I confronted my own need to understand and accept the concept of "good enough" during seminary. As I struggled to juggle the demands of home and school, I quickly realized that I couldn't give all my time and energy to both school and my son. That also meant I couldn't be the "ideal" mother or student of my dreams. The challenge I faced was to find balance, a way to be a "good enough" seminary student (acceptable grades, adequate mastery of the subject matter) and a "good enough" mother (providing a healthy and loving environment for my son). For me, finding that balance meant compromise. To protect my family life I determined that I could only be gone three days each week, which meant that I had to forego classes that met on the other two days. On the other hand, my house was never as tidy as it might have been and Nathan learned that there were times when he had to entertain himself. As I implemented this compromise, I realized that excellence was not necessary at this point; simply being "good enough" at both of those aspects of my life was. I still strive for excellence in most pursuits, but I'm thankful that my family continually reinforces the importance of "good enough."
We all need to make choices that help us become "good enough" mothers, children, siblings, workers, volunteers, and friends—choices about how we spend our time and what commitments we are willing to make. The "Good Enough" spoke moves us one step away from the Susie Homemaker and Superwoman myths that threaten to confine and confuse us, and one step closer to our center in Christ. It enables us to look at the choices that lay before us not from the world's perspective of what is appropriate, but from our own prayerful discernment about what is right for us in light of what God desires for our lives.CHAPTER 2
Fighting Fragmentation with Temperance
Just as there are external blocks to balanced living, there are internal blocks as well. Fragmentation is an internal block to wholeness.
The word fragmentation suggests its definition: the splitting of a whole into many pieces or fragments. Fragmentation occurs when we allow one part of ourselves to dominate the others, or when we become separated into many different parts, feeling pulled apart by all the things that compete for our attention. Both of these types of fragmentation hinder us from being the whole, integrated selves God desires us to be.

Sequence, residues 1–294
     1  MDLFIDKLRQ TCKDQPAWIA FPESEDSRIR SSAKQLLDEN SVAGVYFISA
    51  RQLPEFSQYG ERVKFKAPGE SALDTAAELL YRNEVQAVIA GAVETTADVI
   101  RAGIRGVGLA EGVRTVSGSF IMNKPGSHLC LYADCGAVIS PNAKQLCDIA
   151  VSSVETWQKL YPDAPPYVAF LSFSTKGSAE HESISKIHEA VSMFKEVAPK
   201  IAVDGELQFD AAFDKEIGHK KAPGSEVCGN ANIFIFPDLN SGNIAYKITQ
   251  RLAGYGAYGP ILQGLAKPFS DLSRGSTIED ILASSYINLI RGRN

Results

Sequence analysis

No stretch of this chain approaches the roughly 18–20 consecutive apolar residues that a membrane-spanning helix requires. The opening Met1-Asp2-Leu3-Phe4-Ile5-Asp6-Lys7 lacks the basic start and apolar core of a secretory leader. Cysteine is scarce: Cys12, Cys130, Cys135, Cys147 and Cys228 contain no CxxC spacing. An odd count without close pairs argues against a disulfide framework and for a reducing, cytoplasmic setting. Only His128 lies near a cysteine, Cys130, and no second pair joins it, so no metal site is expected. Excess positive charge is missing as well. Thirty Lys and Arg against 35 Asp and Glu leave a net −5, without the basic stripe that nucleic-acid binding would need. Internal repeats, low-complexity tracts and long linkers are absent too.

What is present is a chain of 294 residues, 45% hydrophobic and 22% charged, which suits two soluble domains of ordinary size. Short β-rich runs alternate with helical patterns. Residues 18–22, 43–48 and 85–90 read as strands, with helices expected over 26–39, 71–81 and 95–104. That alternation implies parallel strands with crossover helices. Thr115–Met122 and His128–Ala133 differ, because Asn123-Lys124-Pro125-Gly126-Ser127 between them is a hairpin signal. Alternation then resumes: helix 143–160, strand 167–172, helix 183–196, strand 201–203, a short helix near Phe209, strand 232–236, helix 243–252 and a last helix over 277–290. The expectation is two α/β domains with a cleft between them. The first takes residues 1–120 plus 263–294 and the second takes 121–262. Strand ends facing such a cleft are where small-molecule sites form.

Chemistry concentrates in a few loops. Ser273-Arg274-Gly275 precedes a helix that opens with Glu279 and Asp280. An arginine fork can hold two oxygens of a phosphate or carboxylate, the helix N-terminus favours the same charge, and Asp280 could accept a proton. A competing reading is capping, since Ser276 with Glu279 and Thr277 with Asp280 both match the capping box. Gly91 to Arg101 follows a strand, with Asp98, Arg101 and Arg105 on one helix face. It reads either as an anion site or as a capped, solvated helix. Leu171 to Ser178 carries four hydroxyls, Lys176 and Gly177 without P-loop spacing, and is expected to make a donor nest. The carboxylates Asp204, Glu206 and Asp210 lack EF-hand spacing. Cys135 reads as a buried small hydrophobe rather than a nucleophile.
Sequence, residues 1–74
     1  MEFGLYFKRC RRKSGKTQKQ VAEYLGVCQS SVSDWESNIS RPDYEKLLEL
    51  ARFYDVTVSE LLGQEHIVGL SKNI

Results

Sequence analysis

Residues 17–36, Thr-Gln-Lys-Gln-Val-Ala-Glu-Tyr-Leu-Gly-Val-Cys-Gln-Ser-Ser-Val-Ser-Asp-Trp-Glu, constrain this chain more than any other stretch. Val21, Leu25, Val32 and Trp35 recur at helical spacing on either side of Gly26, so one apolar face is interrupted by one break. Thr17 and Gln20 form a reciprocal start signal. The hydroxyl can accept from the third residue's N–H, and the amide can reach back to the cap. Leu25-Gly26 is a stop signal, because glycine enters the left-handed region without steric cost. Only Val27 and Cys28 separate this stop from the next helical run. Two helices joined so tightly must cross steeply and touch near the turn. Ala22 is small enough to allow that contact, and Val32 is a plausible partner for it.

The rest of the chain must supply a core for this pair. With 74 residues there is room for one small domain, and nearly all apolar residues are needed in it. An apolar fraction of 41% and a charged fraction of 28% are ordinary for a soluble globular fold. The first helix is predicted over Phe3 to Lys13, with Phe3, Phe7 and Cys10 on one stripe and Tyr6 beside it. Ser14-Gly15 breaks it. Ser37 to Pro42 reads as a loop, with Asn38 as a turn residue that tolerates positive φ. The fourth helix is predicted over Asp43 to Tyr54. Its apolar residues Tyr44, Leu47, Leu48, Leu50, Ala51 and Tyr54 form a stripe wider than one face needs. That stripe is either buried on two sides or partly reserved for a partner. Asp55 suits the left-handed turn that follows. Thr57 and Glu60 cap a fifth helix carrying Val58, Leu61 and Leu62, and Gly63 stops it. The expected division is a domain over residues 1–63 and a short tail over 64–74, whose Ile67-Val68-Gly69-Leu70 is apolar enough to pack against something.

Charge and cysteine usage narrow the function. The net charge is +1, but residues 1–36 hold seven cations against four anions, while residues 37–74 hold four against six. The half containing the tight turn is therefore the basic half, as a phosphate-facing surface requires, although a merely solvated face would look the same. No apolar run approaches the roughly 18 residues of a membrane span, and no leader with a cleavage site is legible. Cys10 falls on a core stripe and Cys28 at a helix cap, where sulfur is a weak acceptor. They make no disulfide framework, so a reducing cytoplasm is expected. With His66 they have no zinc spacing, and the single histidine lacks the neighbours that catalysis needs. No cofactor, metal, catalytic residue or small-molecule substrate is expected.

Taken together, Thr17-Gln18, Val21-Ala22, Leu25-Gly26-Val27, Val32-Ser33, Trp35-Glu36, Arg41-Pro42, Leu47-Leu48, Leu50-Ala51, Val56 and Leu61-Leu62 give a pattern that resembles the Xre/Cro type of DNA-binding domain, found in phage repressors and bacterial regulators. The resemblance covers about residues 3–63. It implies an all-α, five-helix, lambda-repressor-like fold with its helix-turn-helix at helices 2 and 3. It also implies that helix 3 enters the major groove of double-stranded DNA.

A Divided Self
The easiest way to understand the fragmentation that occurs when a part of ourselves dominates our entire being is to look at addiction. When we become addicted to something, our craving for the substance takes over and our lives begin to revolve around it. Alcoholism and drug abuse are two obvious examples of a part dominating the whole. But drug addicts and alcoholics aren't the only ones who suffer from this kind of fragmentation; anyone can.
Any time an element of our lives becomes forceful enough to push out other concerns and divert our attention, we run the risk of becoming fragmented. If we are so focused on our job that we fail to recognize the needs of those around us, or even the wider variety of our own needs, we are traveling the road to a divided self. If we become so engrossed in the everyday goings-on of our children or other family members that we miss opportunities for personal growth and challenge, our path to balance is blocked.
Certainly there are times when a part of us must dominate the whole, such as in times of serious illness or grief. At those times it is normal to devote our energies to that situation. Less calamitous but equally diverting are the times when we must tackle important projects that are beneficial to our overall personal growth or simply required by our jobs or volunteer commitments. In these cases, fragmentation actually works in our favor, allowing us to temporarily focus on pressing needs. What we must guard against are not the isolated incidents that motivate domination by a single part of ourselves but the patterns that can develop. Then the temporary fragmentation that is bound to occur now and again becomes an unhealthy aspect of our everyday experience.
A second type of fragmentation is being pulled apart by many competing demands. What woman has not experienced the exhaustion of having said yes too many times? We are masters of overextending ourselves. We overcommit and then dash about frantically trying to squeeze productivity out of every available minute.
Excerpted from Finding Balance in a World of Extremes by Kimberly Dunnam Reisman. Copyright © 2013 Abingdon Press. Excerpted by permission of Abingdon Press.